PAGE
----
We pulled into the harbor and approached our slip. We wanted to back into the slip stern-in, so I took the boat past the slip, planning to back into the slip afterwards. I put the boat in reverse gear and... nothing. The engine won't turn more than 1000 rpm. I have no ability to stop the boat's forward motion, much less back it up into the slip. We narrowly missed colliding with the bows of some other boats in the marina. Luckily there were guys on the dock to help us. We instead pulled into another slip further down the marina where we could go bow-in.

So here we are, trying to figure out what has gone wrong. We are thinking that the culprit is dirty fuel tanks, and possibly some of the dirt has gotten into the fuel injection pump.

Mexico Sailing Trip 2008-2011
| | More
05/30/2010 | John
Man, it was one thing after another for you. Although not funny at the time I'm sure, reading about the lost bleed screw was pretty funny, especially after reading about all the other problems you had up until then. Of course the engine picked the dead middle of the night, right after your watch finished of course, to stop. It seems these things always happen at night. And then you had to deal with strong headwinds and current on top of it all. Well at least you got a taste of what a bash back to CA could be like. And you had a memorable passage as well.

As for me, I enjoyed two great days of sailing in San Pablo Bay. It seems summer may have finally arrived.
05/31/2010 | Judy
Wow! I'm glad you're all inventive, but I'm wondering if you don't need to find a native Shaman to chase the poltergeists (or whatever impish spirits live in Mexico) away from your boat.
06/02/2010 | Bruce Powell
Judy, actually, fuel problems during a passage with rough weather (big waves) is very common. Dirt and water (and even air) in the tanks get mixed up with the fuel andwhen they get sent to the engine, cause all sorts of havoc.
Also, the entire fuel system is under vacuum from the tanks to the fuel pump [at the engine], so the most minute leak can result in air bubbles getting in the fuel line, which will stop the engine cold.

I'm researching ways to make the system more robust. Oneof them being, to install 12V fuel pumps at the fuel tanks, so the fuel lines are under pressue, not a vacuum. So if there's a leak, it's fuel leaking out, not air getting in. That would (a) keep the engine running and (b) make the leak easier to detect.
Last night in Ixtapa

It was our last night in Ixtapa, we had a celebratory dinner at a nice restaurant with Alex and Minerva, and Greg and Elisan of s/v Sapphire.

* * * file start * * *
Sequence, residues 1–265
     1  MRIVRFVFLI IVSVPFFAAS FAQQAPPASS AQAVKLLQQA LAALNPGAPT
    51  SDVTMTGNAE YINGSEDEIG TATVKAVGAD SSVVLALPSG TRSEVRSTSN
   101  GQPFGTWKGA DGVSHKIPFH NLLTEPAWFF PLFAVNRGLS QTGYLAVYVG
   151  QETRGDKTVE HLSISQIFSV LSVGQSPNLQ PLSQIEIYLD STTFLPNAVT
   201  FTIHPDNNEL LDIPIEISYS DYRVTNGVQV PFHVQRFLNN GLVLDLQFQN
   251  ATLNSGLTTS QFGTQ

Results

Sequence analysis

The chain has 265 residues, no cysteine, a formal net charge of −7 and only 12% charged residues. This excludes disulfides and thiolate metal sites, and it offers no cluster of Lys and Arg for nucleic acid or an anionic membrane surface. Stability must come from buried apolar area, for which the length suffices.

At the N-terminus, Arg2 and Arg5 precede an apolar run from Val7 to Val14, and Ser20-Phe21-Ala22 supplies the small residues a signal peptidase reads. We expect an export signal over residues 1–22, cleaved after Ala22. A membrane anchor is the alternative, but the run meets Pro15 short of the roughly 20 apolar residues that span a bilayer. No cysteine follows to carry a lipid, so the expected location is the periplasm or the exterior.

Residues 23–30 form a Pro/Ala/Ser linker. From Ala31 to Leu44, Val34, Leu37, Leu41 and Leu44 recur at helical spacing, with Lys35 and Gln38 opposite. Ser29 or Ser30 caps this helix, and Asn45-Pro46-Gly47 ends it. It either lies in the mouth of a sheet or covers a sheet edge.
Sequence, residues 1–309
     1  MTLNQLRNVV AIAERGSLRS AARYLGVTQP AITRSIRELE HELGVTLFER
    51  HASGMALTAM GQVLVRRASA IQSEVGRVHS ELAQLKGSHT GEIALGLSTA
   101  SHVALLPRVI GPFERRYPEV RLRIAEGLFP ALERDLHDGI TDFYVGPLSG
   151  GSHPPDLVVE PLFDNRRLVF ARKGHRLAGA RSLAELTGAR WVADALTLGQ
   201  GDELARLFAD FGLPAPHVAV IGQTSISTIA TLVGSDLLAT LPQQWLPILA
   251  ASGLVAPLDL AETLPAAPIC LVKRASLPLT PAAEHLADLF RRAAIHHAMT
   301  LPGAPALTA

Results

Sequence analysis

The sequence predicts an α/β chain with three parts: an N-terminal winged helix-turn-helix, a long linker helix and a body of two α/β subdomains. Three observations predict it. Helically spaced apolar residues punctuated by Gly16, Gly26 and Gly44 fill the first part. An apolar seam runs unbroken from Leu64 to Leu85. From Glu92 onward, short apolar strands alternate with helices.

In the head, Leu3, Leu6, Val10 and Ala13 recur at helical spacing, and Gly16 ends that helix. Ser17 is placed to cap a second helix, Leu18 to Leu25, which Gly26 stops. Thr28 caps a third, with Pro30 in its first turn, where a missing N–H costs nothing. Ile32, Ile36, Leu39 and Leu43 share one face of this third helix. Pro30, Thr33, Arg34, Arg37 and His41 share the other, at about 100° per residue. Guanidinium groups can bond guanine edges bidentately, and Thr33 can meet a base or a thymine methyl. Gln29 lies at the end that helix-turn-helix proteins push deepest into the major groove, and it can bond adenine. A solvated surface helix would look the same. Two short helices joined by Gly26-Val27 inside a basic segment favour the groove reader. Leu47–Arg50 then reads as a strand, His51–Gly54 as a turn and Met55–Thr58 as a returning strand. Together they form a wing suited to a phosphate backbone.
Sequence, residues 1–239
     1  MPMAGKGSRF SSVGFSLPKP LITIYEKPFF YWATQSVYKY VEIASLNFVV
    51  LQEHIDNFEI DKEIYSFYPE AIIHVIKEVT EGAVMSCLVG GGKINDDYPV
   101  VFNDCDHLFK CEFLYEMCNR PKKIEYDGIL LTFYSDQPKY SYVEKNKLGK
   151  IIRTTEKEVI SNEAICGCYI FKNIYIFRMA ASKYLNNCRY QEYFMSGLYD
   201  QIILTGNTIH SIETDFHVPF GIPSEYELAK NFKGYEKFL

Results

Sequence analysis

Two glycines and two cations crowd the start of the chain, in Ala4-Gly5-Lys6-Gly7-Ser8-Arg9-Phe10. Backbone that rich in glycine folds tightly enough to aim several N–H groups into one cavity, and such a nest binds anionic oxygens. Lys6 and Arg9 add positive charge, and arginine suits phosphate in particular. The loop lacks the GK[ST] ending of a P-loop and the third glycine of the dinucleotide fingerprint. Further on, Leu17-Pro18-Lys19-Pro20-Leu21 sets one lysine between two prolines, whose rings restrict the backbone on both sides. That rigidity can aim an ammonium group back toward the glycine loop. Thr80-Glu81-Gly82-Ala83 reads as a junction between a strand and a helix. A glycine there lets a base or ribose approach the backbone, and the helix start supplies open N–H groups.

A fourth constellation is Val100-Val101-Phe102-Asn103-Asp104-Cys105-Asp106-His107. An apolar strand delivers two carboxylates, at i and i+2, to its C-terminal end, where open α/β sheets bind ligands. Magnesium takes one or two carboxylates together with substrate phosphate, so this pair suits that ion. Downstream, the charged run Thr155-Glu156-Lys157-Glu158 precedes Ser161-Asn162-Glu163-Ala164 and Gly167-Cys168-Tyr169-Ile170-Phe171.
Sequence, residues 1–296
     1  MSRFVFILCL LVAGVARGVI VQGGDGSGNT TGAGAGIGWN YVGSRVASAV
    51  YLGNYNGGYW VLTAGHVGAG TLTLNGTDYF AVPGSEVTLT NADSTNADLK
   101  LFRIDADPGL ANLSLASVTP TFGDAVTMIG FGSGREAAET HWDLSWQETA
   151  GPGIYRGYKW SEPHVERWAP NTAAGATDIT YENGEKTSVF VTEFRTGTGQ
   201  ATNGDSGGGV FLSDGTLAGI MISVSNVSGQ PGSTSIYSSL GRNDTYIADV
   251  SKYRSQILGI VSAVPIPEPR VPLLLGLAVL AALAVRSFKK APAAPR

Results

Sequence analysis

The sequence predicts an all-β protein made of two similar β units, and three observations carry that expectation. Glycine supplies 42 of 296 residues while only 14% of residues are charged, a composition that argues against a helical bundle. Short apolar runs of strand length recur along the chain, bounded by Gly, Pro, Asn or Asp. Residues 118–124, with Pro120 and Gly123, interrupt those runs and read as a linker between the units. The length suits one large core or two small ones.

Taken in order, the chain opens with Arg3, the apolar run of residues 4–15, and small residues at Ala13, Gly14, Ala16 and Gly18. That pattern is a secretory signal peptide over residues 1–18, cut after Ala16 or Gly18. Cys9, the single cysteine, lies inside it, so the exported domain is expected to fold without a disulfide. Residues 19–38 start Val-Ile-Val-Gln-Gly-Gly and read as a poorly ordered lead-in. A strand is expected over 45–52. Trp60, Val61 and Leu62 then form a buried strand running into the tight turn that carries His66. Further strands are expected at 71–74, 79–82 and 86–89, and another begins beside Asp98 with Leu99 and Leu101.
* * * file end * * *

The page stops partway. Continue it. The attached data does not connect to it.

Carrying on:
Mexico Sailing Trip 2008-2011
| | More
Huge Surf at Ixtapa Marina
05/23/2010, Ixtapa, Guerrero, Mexico

We're finally ready to set sail (rebuilt engine and new gearbox in place), but we can't because the channel is closed for a few days at least, due to huge breaking waves at the channel entrance.

Mexico Sailing Trip 2008-2011
| | More
Mother's Day in Ixtapa

While Pascale was asleep, Antoine stayed up late decorating the salon in our boat with a "Happy Mother's Day" banner, and dozens of red paper hearts. Pascale had a nice surprise when she got up this morning!

Mexico Sailing Trip 2008-2011
| | More
05/13/2010 | Jonathan
Hello! A friend suggested I troll sailing blogs and forums to find a summer adventure/possible job. I apologize for the unexpected message, but, well, here goes: I'm a 4th year jr. high teacher/tutor living in Walnut Creek, CA (all core subjects, esp. English, and also Bible, photography, volleyball), 29 years old, very fit, with sailing experience (including some racing in Marina Del Rey) and EMT trained. Jack of several trades (including cooking, guitar, etc). Are you willing/able to point me towards any wholesome people needing crew for a voyage this summer? Priority would go to a boat where I could earn some supplemental income or at least have expenses paid (especially a family with kids that I can tutor/teach onboard while also crewing). Crewfile and other sites haven't really turned up anything like this, so I hope word of mouth might! Again, sorry for any inconvenience, but I do hope to hear from you. Thank you!

-Jonathan Vince
05/19/2010 | deb and ian
you may have seen or heard about our grounding in zihua bay on may 5. there is alot of damage and we're still looking for advice on where to do some of it. it's too expensive to haul out in ixtapa, but we can get to manzanillo. any experience with repair there? all advice gratefully accepted.thanks, deb and ian
05/30/2010 | Bruce Powell
hi Jonathan,

My first answer is, I don't know anyone who is sailing in Mexico in the summer, because that is the hurricane season down here. Anyone with any sense parks their boat in a safe "hurricane hole" for the duration of the season, which is roughly July 1 to November 1. We ourselves have just sailed our boat to Barra de Navidad, where we plan to leave it until November.

Second, the opportunity to earn income is very rare unless you find some very wealthy captain. Most cruisers are of modest means.

That being said, we might like to have a crew member with us for our planned sail next November, south to Panama.

The caveats are, that all sailing plans are drawn in the sand at low tide. Everything is subject to change, at the whims of luck, nature, mechanical breakdowns, or the whims of the crew. It is impossible to stick to any kind of time table.

If you are still interested I would suggest we stay in touch between now and November.

Thanks for commenting on our b
Gearbox Update
05/06/2010, Ixtapa, Guerrero, Mexico

News update. We're still in Ixtapa. We have a newly overhauled engine, but the gearbox is toast. We've ordered a new gearbox from the U.S. The ETA is in a week. When we get that back in, we could head south, theoretically. However we are on the threshold of the summer hurricane season. When we get the new transmission installed, we must decide: south? stay put? or north?

Mexico Sailing Trip 2008-2011
| | More

Newer posts ]  |  [ Older posts ]


Powered by SailBlogs